The two main opposition parties in the breakaway northern Somalia territory of Somaliland warned that they will not accept any attempt by the president to postpone the enclave’s upcoming parliamentary election which is scheduled to take place in March next year.
In recent weeks, there have been growing speculations in Somaliland that president Muse Bihi was planning to deliberately delay both the upcoming parliamentary and local council elections in a bid to favor the ruling party which continues to maintain majority in both the parliament and local council for over a decade.
“We are well aware of the ongoing plans to delay the election – therefore we have to declare that we shall hold the president solely accountable for any delays in the parliamentary election.” said Mohamed Ali, the flag-bearer of Wadani, one of the largest opposition parties in Somaliland at a press conference in the Hargeisa, Somaliland’s capital Wednesday.
Meanwhile, opposition parties are also demanding from the president to disband the electoral commission which they accused of being heavily biased in favour of the ruling party and incumbent president, charges dismissed by the electoral officials.
“We have also submitted an official complaint letter regarding the election commission which is not credible and heavily influenced and thus not qualified to anchor an election to the president in March.” He said angrily, noting that failure by the president to follow through their complaint would otherwise prompt them to convene a national dialogue in which elders would have to decide about the matter.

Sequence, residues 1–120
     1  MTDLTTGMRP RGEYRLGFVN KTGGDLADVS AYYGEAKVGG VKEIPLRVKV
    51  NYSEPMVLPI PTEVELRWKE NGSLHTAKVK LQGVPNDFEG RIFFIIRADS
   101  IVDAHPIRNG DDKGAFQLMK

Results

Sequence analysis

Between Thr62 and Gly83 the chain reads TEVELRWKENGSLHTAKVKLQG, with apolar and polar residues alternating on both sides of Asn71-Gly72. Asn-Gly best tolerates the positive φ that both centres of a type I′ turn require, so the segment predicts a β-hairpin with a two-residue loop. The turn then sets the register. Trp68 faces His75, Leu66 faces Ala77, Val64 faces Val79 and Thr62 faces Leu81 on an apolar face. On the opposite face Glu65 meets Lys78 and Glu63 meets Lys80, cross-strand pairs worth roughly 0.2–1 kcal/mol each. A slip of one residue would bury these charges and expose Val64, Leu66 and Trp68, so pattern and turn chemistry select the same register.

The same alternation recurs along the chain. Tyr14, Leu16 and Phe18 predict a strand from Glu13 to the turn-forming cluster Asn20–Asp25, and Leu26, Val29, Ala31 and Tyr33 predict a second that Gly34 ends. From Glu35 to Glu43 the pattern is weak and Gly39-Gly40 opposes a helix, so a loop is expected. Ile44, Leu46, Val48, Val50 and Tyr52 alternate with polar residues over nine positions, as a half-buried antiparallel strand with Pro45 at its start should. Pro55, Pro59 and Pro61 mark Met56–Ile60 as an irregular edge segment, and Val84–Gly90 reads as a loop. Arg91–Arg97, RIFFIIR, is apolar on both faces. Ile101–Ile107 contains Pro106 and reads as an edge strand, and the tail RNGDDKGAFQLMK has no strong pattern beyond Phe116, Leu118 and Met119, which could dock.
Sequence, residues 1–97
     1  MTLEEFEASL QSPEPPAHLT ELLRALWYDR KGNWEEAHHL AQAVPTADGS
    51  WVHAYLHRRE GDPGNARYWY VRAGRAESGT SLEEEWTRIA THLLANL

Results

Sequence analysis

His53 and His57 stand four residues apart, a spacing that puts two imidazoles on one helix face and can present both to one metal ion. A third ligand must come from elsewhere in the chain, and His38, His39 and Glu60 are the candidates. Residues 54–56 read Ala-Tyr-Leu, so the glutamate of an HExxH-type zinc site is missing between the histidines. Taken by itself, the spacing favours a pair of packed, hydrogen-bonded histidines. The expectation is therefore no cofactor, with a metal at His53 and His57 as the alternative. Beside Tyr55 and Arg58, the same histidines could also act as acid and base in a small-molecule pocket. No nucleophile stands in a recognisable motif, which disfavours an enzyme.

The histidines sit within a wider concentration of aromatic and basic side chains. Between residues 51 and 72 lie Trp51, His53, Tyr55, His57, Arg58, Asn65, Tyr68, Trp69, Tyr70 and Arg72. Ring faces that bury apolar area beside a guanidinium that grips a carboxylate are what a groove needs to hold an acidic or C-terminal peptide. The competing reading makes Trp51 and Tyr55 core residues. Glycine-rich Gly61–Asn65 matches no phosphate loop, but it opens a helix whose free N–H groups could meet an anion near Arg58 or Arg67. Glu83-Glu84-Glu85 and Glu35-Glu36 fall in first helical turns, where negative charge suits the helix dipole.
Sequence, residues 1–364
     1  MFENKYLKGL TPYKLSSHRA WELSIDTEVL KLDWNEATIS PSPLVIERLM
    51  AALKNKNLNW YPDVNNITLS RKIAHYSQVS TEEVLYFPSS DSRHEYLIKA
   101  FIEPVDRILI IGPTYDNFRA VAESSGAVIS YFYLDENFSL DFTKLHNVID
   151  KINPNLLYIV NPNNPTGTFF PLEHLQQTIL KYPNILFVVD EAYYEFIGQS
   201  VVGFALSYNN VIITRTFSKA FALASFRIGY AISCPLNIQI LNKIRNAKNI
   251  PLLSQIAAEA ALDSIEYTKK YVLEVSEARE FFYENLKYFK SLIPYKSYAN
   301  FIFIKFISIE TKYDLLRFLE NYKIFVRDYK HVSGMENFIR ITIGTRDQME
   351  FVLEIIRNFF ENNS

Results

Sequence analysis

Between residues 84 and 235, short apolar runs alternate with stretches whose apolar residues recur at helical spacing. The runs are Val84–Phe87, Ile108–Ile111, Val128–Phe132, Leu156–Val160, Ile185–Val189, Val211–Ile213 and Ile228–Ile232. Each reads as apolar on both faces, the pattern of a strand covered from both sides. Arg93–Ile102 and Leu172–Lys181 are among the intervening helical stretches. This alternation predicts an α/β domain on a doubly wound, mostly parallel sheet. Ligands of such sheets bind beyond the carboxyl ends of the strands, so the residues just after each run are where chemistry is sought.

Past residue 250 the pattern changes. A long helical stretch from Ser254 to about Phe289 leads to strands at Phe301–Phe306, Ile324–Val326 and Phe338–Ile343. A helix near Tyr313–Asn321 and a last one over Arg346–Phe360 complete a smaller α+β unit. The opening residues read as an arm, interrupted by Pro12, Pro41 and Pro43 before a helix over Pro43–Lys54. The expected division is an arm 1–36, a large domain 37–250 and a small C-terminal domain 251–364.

In addition, leaders of UCID, Somaliland’s oldest opposition party have cautioned against what they termed as ‘political missteps’ by the president whom they accused of closing his eyes to the opposition parties’ proposals, in comments that echoed the other opposition officials who have strongly warned against possible election delays.
“Our current plan is to convene a national consultative conference to save Somaliland should the president continues to maintains this awkward political approach.” Abdinasir Buni, the deputy leader of the opposition party, UCID told reporters.
Despite several controversial extensions, the mandate of the current Somaliland’s parliament is due to end in March. Opposition parties that are seeking to challenge the ruling parties in holding the parliament’s majority now say they are determined to pressure the president to hold timely parliamentary elections.
Despite stiff opposition challenges that faded away later, subsequent mandate extensions by the current parliament over the years had allowed lawmakers to remain in power for over ten years. However, according to officials, the international community is also demanding holding timely parliamentary election, something that may add power to the voices of the opposition parties.